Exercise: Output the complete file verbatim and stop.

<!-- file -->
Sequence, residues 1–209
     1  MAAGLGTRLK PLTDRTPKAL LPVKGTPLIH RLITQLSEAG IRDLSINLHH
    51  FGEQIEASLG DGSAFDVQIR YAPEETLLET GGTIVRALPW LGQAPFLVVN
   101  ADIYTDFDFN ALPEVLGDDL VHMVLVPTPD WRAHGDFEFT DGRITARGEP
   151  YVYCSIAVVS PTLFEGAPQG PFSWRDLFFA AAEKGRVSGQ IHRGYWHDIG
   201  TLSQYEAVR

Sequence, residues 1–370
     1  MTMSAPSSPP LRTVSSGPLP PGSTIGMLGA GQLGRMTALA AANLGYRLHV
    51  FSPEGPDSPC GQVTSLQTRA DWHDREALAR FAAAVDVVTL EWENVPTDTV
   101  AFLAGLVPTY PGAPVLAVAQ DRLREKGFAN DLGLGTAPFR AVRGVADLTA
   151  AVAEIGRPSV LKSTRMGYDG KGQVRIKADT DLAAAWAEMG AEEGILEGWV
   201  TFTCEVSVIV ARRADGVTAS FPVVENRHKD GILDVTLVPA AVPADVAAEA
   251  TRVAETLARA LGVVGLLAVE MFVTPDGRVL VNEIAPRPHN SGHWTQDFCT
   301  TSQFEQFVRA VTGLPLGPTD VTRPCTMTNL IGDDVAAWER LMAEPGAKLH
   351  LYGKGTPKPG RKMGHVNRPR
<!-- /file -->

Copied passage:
Sequence, residues 1–209
     1  MAAGLGTRLK PLTDRTPKAL LPVKGTPLIH RLITQLSEAG IRDLSINLHH
    51  FGEQIEASLG DGSAFDVQIR YAPEETLLET GGTIVRALPW LGQAPFLVVN
   101  ADIYTDFDFN ALPEVLGDDL VHMVLVPTPD WRAHGDFEFT DGRITARGEP
   151  YVYCSIAVVS PTLFEGAPQG PFSWRDLFFA AAEKGRVSGQ IHRGYWHDIG
   201  TLSQYEAVR

Sequence, residues 1–370
     1  MTMSAPSSPP LRTVSSGPLP PGSTIGMLGA GQLGRMTALA AANLGYRLHV
    51  FSPEGPDSPC GQVTSLQTRA DWHDREALAR FAAAVDVVTL EWENVPTDTV
   101  AFLAGLVPTY PGAPVLAVAQ DRLREKGFAN DLGLGTAPFR AVRGVADLTA
   151  AVAEIGRPSV LKSTRMGYDG KGQVRIKADT DLAAAWAEMG AEEGILEGWV
   201  TFTCEVSVIV ARRADGVTAS FPVVENRHKD GILDVTLVPA AVPADVAAEA
   251  TRVAETLARA LGVVGLLAVE MFVTPDGRVL VNEIAPRPHN SGHWTQDFCT
   301  TSQFEQFVRA VTGLPLGPTD VTRPCTMTNL IGDDVAAWER LMAEPGAKLH
   351  LYGKGTPKPG RKMGHVNRPR